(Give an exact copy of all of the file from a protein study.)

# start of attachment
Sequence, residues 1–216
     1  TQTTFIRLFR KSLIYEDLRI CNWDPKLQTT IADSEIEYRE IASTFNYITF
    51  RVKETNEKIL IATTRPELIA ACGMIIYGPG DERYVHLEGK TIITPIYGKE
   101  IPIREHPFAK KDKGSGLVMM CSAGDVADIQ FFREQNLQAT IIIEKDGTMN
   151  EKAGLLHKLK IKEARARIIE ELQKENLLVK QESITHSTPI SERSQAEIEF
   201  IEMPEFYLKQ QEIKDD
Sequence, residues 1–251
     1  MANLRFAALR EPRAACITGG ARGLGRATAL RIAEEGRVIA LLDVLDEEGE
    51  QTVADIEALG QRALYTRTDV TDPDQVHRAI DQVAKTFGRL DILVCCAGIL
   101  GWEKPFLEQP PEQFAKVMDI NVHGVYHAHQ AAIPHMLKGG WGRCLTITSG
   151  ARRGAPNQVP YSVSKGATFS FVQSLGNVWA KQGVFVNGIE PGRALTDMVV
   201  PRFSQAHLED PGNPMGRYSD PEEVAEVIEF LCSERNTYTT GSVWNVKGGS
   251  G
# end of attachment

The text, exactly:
Sequence, residues 1–216
     1  TQTTFIRLFR KSLIYEDLRI CNWDPKLQTT IADSEIEYRE IASTFNYITF
    51  RVKETNEKIL IATTRPELIA ACGMIIYGPG DERYVHLEGK TIITPIYGKE
   101  IPIREHPFAK KDKGSGLVMM CSAGDVADIQ FFREQNLQAT IIIEKDGTMN
   151  EKAGLLHKLK IKEARARIIE ELQKENLLVK QESITHSTPI SERSQAEIEF
   201  IEMPEFYLKQ QEIKDD
Sequence, residues 1–251
     1  MANLRFAALR EPRAACITGG ARGLGRATAL RIAEEGRVIA LLDVLDEEGE
    51  QTVADIEALG QRALYTRTDV TDPDQVHRAI DQVAKTFGRL DILVCCAGIL
   101  GWEKPFLEQP PEQFAKVMDI NVHGVYHAHQ AAIPHMLKGG WGRCLTITSG
   151  ARRGAPNQVP YSVSKGATFS FVQSLGNVWA KQGVFVNGIE PGRALTDMVV
   201  PRFSQAHLED PGNPMGRYSD PEEVAEVIEF LCSERNTYTT GSVWNVKGGS
   251  G